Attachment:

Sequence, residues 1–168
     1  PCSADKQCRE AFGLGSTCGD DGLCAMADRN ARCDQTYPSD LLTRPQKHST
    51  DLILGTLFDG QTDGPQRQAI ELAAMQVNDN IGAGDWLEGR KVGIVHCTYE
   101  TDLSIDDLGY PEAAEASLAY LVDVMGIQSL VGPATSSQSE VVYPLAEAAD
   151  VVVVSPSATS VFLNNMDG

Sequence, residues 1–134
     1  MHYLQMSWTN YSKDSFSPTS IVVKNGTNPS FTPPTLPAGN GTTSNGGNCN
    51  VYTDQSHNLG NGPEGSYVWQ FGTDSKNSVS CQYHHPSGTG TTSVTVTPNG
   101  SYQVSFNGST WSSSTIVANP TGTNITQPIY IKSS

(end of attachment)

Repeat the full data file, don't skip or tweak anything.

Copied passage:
Sequence, residues 1–168
     1  PCSADKQCRE AFGLGSTCGD DGLCAMADRN ARCDQTYPSD LLTRPQKHST
    51  DLILGTLFDG QTDGPQRQAI ELAAMQVNDN IGAGDWLEGR KVGIVHCTYE
   101  TDLSIDDLGY PEAAEASLAY LVDVMGIQSL VGPATSSQSE VVYPLAEAAD
   151  VVVVSPSATS VFLNNMDG

Sequence, residues 1–134
     1  MHYLQMSWTN YSKDSFSPTS IVVKNGTNPS FTPPTLPAGN GTTSNGGNCN
    51  VYTDQSHNLG NGPEGSYVWQ FGTDSKNSVS CQYHHPSGTG TTSVTVTPNG
   101  SYQVSFNGST WSSSTIVANP TGTNITQPIY IKSS